Dave Your question is an oxymoron, or at least a contradiction of terms. All the coach lights with integral motion detectors and or photocells are of Chinese mfg. and subject to work until they quit. Lightning arrestors at the panel help, 130 volt bulbs help, but a remote mounted, domestically mfg. photoocell that is not pointing at the sun is the most practical solution. Photocells are light sensitive(Duuuhh!) devices and the fine print suggests not placing them on the sunny side of the structure. The fixtures that contain the devices offer no protection or warning to the installer that sunlight will cause the pc to fail.
Any way possible you could install a separate photo-eye to control the coachlights? That way you may have any fixture of your choice, and if the photo eye that you install elsewhere fails, you can replace it without replacing the entire fixture.
Thanks guys, you're sort of telling me what I already knew. My client is having ongoing problems with cheap photosensor lanterns. I told her a real photosensor probably costs more than the lantern, so how good could its photosensor be? I told her I could rewire them to a quality photosensor and she said no. I was just curious if anyone made a lantern with a quality photosensor.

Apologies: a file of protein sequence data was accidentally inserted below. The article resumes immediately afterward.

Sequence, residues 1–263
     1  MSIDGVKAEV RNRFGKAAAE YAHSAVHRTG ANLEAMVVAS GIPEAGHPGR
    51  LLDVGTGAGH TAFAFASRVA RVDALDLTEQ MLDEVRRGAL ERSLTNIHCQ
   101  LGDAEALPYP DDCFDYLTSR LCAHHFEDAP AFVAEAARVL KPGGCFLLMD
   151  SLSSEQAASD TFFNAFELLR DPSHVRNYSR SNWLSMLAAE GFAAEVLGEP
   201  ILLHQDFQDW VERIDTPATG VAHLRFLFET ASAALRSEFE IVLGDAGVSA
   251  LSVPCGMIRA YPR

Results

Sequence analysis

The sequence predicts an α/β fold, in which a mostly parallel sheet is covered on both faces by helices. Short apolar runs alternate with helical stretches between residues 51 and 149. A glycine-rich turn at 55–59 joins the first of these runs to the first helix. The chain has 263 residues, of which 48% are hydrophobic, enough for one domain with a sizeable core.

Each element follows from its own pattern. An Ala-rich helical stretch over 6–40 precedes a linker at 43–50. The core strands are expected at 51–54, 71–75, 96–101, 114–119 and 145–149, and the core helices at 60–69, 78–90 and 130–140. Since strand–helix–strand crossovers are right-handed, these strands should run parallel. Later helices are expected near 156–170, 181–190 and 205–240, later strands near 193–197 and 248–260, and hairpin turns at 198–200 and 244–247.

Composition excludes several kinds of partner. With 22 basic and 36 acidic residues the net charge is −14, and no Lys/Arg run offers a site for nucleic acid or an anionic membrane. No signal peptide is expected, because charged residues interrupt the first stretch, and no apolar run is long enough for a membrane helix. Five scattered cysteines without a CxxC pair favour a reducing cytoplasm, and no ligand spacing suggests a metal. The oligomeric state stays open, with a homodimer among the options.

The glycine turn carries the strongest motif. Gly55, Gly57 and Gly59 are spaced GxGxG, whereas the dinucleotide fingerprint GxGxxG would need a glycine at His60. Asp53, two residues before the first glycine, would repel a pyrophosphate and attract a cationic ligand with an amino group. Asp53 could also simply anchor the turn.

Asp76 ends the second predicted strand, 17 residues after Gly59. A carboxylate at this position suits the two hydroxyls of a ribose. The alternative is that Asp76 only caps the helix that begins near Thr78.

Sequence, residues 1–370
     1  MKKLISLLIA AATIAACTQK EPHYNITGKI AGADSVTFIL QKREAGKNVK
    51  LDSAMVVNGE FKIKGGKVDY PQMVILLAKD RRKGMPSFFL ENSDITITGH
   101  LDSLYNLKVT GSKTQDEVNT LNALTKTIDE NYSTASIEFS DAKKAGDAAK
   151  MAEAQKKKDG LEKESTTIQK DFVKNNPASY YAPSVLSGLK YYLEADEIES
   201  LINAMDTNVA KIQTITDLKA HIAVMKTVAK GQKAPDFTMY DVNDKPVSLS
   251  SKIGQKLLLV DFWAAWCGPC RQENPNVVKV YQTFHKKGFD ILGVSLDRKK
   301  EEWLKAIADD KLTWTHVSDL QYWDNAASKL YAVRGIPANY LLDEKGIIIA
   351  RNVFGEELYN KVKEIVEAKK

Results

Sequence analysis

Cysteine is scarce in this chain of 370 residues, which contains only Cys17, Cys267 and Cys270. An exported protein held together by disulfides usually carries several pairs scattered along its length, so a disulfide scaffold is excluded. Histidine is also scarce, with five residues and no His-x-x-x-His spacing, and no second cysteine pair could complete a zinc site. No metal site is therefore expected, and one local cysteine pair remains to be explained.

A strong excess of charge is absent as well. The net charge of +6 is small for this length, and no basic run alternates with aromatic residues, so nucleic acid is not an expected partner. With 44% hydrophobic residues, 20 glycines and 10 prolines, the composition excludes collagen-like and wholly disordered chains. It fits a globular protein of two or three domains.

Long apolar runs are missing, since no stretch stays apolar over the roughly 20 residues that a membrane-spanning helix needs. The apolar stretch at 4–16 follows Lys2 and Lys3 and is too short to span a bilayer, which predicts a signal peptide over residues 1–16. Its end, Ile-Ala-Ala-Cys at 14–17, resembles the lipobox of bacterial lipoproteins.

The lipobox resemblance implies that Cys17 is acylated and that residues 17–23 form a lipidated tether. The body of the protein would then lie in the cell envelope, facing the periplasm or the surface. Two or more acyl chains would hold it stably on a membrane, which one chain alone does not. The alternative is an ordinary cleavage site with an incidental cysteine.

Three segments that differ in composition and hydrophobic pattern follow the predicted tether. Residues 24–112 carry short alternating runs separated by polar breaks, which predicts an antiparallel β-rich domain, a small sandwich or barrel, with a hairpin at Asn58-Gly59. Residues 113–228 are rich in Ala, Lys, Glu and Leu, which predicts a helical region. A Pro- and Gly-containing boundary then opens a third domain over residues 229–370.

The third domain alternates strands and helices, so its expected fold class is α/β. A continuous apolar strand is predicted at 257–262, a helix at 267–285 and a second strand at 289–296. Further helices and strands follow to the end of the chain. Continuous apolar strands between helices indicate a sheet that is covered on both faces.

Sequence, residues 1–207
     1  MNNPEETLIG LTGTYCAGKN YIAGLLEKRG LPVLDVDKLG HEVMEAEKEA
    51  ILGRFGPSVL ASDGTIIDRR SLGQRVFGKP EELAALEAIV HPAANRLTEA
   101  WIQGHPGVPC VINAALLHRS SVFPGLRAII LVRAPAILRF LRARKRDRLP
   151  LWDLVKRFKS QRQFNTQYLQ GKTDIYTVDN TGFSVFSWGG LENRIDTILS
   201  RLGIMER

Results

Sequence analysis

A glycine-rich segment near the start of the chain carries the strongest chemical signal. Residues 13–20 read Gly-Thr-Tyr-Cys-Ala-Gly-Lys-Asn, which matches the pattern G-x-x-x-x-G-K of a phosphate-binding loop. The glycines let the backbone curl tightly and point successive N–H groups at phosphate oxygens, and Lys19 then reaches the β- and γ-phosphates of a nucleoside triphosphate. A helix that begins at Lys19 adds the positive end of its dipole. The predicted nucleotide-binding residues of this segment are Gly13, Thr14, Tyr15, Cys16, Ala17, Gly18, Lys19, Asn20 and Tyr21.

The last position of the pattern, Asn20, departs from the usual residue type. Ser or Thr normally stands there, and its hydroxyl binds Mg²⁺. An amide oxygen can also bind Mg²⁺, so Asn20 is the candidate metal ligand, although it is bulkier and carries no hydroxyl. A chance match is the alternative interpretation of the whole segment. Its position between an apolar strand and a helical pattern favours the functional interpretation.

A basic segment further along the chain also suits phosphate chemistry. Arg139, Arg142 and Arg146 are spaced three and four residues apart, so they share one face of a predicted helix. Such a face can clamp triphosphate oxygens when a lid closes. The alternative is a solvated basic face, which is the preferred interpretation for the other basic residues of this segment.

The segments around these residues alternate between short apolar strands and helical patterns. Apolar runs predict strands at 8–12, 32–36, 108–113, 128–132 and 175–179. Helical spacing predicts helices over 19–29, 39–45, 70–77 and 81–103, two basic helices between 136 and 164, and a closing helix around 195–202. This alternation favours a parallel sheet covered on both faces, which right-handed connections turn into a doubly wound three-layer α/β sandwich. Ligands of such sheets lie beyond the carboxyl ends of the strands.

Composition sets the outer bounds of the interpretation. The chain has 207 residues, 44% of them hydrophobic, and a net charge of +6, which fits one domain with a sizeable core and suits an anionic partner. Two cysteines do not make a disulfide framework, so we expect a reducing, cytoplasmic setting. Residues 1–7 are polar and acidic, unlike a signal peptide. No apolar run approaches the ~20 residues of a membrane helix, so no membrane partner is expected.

I have a pair of home depot Coach lamps by my front doors, worked well for almost 5 years, but my front door face's east. Well they did work well, until my roommate had the new Boyfriend pressure wash the house while I was at work.... He Pressured washed one of them and it no longer works, but the other one is still going strong. If your client is having alot of problems I would go along with the remote photo-sensor on the north side of the house. or possibly a timer.
Sounds to me like the customer here is having a difficult time understanding that her light fixture w/ built in photo sensor is a piece of crap! I always have a hard time explaining that gracefully. Add into the mix that it was built in China and that helps explain alot.